Automation and the Power of Process Improvement

Three recent experiences remind me that automation for the sake of automation doesn’t really do much. But if automation can be used to improve processes, eliminate repetition, and redundancy, then it is well worth investing the time to improve the automation. It is a personal pet peeve of mine whenever I have to supply the same piece of information more than one in a given transaction, especially when that data is available somewhere else. Here are two small failures, and one small success to illustrate where we stand with automation and process improvement in day-to-day tasks.

“Would you like to apply for a Target Red Card?”

The complex we live in borders a Target and Safeway shopping center. This has been very convenient. We can walk to the store. It means we probably go more frequently than we need to. And because Target has pretty much everything, we go there quite a bit. Eventually, we decided to get one of their Red Card credit cards because we save 5% on every purchase. Once we had the card, I set it up to pay the bill in full each month. There is no point in saving 5% on purchases if you are paying 19% interest. So we get a nice benefit on every purchase we make from Target. So far, so good.

Recently, however, it seems that Target is really pushing the use of the Red Card to the exclusion of all logic. For instance, on several occasions, I’d put my items on the conveyor, slide my Red Card and wait for the total.

“Would you like to apply for a Target Red Card?” the cashier asked.

I blinked. “Well,” I said, holding up my Target Red Card, “I just paid with mine. Do I need another?”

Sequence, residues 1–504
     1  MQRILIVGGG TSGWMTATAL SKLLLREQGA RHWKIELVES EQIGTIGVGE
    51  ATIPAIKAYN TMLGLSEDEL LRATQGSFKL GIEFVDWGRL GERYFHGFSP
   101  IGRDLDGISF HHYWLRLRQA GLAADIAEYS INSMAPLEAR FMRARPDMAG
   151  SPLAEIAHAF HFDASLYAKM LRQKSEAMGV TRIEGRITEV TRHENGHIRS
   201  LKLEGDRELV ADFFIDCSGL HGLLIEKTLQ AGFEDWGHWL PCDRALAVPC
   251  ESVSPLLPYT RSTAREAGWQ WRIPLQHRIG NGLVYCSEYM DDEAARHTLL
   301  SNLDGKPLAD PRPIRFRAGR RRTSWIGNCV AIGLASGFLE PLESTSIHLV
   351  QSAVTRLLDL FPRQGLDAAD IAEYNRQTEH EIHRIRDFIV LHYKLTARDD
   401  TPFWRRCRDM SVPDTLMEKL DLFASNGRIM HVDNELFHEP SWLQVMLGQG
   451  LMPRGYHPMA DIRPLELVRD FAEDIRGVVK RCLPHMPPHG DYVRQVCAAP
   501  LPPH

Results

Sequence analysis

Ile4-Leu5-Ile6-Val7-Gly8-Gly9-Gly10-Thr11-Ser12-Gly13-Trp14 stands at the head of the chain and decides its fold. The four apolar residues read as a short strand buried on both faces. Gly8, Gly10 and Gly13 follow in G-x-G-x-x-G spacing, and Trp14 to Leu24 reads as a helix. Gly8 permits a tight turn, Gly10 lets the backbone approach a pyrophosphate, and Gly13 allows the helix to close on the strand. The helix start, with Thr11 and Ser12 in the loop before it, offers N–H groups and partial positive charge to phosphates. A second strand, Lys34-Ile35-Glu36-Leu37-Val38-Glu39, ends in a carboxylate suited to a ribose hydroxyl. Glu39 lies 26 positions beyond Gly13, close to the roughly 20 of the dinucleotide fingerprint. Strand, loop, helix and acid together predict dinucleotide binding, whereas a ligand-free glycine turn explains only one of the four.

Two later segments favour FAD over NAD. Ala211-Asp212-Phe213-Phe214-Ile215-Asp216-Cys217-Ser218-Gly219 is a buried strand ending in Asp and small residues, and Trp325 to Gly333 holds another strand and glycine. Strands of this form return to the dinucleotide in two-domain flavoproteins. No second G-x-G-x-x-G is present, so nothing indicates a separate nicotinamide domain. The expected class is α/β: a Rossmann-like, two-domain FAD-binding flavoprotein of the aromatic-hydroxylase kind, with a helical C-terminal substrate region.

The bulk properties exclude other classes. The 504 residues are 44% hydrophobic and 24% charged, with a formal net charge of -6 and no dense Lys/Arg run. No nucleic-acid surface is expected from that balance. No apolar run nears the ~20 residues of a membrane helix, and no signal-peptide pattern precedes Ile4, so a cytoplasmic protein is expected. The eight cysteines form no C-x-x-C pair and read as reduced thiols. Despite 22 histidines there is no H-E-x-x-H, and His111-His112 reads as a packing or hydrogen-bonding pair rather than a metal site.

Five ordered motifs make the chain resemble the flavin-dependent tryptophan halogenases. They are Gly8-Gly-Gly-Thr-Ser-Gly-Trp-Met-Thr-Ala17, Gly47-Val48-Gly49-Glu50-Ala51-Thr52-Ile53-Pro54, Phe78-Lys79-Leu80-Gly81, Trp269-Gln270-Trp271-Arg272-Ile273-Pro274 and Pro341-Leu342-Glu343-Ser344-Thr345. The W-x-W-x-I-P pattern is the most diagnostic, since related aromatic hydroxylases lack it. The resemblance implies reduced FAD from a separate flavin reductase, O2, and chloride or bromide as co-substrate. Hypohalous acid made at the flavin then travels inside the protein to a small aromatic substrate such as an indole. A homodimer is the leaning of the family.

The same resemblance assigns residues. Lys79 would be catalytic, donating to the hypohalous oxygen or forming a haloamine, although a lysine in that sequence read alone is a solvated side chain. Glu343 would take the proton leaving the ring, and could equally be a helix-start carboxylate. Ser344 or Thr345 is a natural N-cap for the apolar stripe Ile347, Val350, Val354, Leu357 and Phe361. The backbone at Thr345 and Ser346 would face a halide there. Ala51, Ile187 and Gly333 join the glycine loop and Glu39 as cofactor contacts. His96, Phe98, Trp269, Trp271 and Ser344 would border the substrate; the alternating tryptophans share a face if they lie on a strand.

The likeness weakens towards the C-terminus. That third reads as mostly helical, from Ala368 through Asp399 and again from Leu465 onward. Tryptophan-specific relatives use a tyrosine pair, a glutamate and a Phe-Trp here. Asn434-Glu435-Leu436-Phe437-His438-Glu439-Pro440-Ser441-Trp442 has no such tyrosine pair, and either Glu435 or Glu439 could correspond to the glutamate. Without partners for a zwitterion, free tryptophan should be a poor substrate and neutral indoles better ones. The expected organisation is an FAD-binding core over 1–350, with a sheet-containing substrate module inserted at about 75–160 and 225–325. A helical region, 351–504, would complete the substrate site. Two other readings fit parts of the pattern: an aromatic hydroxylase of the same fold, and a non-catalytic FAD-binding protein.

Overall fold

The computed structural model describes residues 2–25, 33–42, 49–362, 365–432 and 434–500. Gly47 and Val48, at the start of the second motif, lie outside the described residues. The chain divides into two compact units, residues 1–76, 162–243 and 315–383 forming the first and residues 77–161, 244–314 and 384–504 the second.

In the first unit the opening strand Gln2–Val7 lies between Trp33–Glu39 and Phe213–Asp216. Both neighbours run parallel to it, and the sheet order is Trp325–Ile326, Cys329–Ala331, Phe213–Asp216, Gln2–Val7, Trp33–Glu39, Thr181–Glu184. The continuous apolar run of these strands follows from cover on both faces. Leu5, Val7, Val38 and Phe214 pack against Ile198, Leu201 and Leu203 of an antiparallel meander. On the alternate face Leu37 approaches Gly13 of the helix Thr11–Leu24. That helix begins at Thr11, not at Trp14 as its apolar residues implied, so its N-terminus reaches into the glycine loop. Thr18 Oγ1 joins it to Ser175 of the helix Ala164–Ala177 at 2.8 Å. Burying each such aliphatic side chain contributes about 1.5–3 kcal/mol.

The cashier laughed and we each went about our day.

But it happened again on the next visit with a different cashier. And then again. And again.

Finally, I said to the cashier, “You guys have been asking this quite a bit. I pay with my Red Card every time I come here and you always ask me if I want to apply for a Red Card. Isn’t there something on your screen that tells you that I have paid with a Red Card?”

The cashier said, “We are told to ask everyone, even if you already have a Red Card?”

“What sense does that make? If I say, ‘yes’ and apply for a second Red Card what would happen?”

The cashier just shrugged.

I don’t mind being asked this once or twice, but every single time I come to Target, and when I have already swiped my Red Card? That seems like a major breakdown, not just in a logical process, but in customer service.

“Can you fill out these forms?”

I took the Little Man to the doctor the other day. There is a nice touch-screen system to check in, and pay your co-pay, if one is due. It’s a nice piece of automation. But it failed this time. The system told me to see the desk. So I saw the receptionist and he told me that since it was the Little Man’s first visit this year, I had to fill out some forms. He handed me three forms.

The forms were all standard information. Parent names, addresses, phone numbers, insurance company information. I filled them out at a slow burn because I knew what would happen. I’d turn the papers back to the receptionist and he would key in my responses to the central system. So not only was I entering the information, but he was entering the information. He had to parse my handwriting, increasing the chance that some of the data would be entered incorrectly.

What would have been much better would have been to take advantage of the automation they already had. When I checked in, the touch-screen system could have displayed my address, phone number, insurance info, etc. and asked me to make any updates that were required. In this case, I would need only make changes to those items that required changes. (None did in this case, so from my point of view, filling out the forms was a complete waste of time.) Then, too, since I would make the changes directly into the system, it would save the receptionist the time of having to manually key my changes into the system, mistakes and all.

An automation success

I don’t travel nearly as much as I used to. Back when I traveled a lot, I used my United Mileage Plus credit card a lot because I earned miles for upgrades faster. It seems kind of pointless to use that card much these days. So a year ago or so, I got another card from the bank which handles our mortgage. With purchases on that card, we earned points that would pay down the principle on our mortgage. These were not big payments, but $25 here and there saves a fair amount of interest over 30 years. The card was tied to our mortgage account so that it could appropriately apply the credits each month.